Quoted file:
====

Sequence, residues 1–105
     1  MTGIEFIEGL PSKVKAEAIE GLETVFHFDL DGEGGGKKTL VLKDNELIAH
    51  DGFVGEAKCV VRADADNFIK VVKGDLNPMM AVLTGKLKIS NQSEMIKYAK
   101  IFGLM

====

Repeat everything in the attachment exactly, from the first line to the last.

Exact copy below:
Sequence, residues 1–105
     1  MTGIEFIEGL PSKVKAEAIE GLETVFHFDL DGEGGGKKTL VLKDNELIAH
    51  DGFVGEAKCV VRADADNFIK VVKGDLNPMM AVLTGKLKIS NQSEMIKYAK
   101  IFGLM